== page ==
Bottom line: Mint’s billing timeline is a good example of the forward-looking approach that’s much needed in online and mobile banking.

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A timeline of upcoming bills has been added to the Mint.com’s main Overview page (25 Aug. 2011)

A timeline of upcoming bills has been added to the Mint.com Overview page

Mint promotes the new feature with a huge interactive banner on the main  Overview page

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In this pop-up box, Mint gathers together likely bills and asks if you want a reminder

In this popup box, Mint gathers together likely bills and asks if you want a reminder

A timeline of upcoming bills has been added to the main overview page

A timeline of upcoming bills has been added to the Mint.com Overview page

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Note: For more on online personal financial management (OFM), see Online Banking Report (published May 2010).

ING Direct Advertises on Mint.com Email Alerts

image ING Direct (USA) has been a prominent sponsor within Mint’s online PFM. However, this is the first time I’ve noticed the bank advertising via email alert. And specifically, the direct bank is pitching its fee-free Electric Orange Checking account on the bottom of an email alert about a fee on my U.S. checking account. Excellent timing! 

It’s unusual to see an ad on a Mint.com alert. I spot-checked a dozen or so during the past two months, and this is the only one with any direct marketing. But if it works, I’m sure we’ll see more of it. Context-sensitive advertising is what the Web has been built on.

Mint.com email “fee charged” alert (16 Feb. 2011)

Mint.com email alert that a fee was charged to my U.S. Bank business checking account

ING Direct landing page focusing on lower fees (link)

ING Direct landing page focusing on lower fees

Mint.com Traffic Soars Under Intuit Ownership

image I don’t know if it has anything to do with the publicity Mint received in recent months following its acquisition by Intuit or the promotional links from Quicken’s website, but the online PFM juggernaut just blew the roof off its monthly traffic. According to Compete, in January, Mint had 1.7 million unique visitors, 600,000 more than a year earlier.

To provide a little context, not counting the Dec. to April tax-time traffic spike at Intuit, Mint’s traffic is now slightly HIGHER than that of its parent company (see chart #1 below). That gives you a little understanding of why Intuit coughed up $170 million for the startup.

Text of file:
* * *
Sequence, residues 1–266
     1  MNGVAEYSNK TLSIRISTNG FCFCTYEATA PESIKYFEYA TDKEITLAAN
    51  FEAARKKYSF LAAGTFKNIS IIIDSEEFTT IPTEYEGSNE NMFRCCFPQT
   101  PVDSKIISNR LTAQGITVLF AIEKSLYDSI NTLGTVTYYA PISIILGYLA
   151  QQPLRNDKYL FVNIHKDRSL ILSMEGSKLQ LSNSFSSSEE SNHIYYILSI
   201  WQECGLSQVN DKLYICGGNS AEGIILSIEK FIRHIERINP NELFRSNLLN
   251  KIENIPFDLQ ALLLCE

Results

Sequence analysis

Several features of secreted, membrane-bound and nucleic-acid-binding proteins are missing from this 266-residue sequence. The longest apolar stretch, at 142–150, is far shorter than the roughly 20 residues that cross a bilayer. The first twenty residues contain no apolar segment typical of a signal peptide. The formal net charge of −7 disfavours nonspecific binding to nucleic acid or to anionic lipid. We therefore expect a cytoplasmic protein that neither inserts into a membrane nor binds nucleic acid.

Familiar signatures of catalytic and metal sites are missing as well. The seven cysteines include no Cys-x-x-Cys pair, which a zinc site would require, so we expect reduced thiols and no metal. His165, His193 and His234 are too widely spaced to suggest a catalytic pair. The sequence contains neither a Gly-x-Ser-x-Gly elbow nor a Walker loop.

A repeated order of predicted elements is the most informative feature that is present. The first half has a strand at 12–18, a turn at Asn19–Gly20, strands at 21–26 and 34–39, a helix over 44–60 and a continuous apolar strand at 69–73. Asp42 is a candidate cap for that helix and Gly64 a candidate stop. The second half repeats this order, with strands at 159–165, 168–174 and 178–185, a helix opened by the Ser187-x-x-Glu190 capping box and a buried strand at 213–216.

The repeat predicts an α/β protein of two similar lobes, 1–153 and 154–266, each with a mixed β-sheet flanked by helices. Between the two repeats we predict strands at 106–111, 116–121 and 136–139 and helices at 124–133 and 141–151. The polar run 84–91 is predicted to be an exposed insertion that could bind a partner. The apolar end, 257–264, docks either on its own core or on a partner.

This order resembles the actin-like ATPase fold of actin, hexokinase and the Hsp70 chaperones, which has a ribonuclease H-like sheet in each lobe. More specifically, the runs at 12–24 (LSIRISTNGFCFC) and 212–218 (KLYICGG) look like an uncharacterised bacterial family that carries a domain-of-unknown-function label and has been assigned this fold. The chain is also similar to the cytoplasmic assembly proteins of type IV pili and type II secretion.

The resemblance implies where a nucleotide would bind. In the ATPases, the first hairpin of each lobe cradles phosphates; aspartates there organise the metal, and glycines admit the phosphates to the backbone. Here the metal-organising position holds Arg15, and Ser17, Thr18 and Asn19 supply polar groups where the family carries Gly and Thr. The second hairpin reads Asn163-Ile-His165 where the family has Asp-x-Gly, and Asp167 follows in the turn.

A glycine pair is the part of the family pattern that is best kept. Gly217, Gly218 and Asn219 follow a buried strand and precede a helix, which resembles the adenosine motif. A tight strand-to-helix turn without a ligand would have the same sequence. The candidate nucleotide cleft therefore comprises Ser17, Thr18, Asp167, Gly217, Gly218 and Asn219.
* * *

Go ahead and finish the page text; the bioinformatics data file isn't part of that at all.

Another way to look at it: Mint now has as much traffic as the tenth largest U.S. retail bank, BB&T (see chart #2).

The interesting question for 2010: Now that Mint is part of the establishment, what startup will rise up to challenge it? Or will the banks, back on a path to profitability, fill the need going forward? 

Chart 1: Mint’s traffic is now similar to Intuit’s non-tax-time traffic

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Source: Compete (link)

Chart 2: Mint now has about the same number of visitors as the tenth largest U.S. retail bank, BB&T
Note: Mint is blue line below

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Source: Compete (link)

Note: For more information on the PFM space, see our Online Banking Report on Personal Finance Features.

A Look at Mint’s Twitter Aggregation Site: Money Tweets

image Leave it to Mint to make 140 characters of personal finance chatter sexy. Yesterday, I noticed a link to a new feature called Money Tweets tucked away at the bottom of an account-alert (see inset below; note 1). The site launched in November (press release), but I was all wrapped up in P2P payments at the time (note 2) and never looked at it.

imageMint’s effort is the best use I’ve seen of Twitter as a content-creation tool (see screenshot #1, below; note 3). And once established, the site basically runs on autopilot, making it a cost-effective way to bring fresh, real-time content to your customers. 

Money Tweets has five content areas:

  • Aggregated tweets from 20+ writers on five subject areas: savings, investing, budgeting, loans, and retirement
  • Tweets about Mint using Twitter search
  • Tweets from Mint using its Twitter stream
  • Tweets from anyone answering the company’s Question of the Day such as today’s topic, “Is now the time to buy a house?” (upper right in screenshot below)
  • Tweets from anyone using keywords taken from personal finance trending topics

Bottom line: Aggregation of the tweets from personal finance experts (with extra credit for adding your own voice to the stream) is a promising tactic for your online marketing plan. But most (all?) financial institutions will want to steer clear of streaming unmoderated tweets from anyone mentioning your company’s name. That’s going to cause way too many internal headaches as it attracts spam and customer complaints. 

Main page at Mint’s Money Tweets (link, 8 Jan. 2010)

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Notes:
1. As an aside, Mint’s superb graphic design extends even to its email alerts, which look like a sticky note on the screen.
2. For more on the P2P payments market, see our latest Online Banking Report, published earlier this week, Making the Case for Person-to-Person Payments
3. For more on using Twitter, see our May report, Connecting to Customers with Twitter.

Intuit’s New Quicken Site Sprouts Some Mint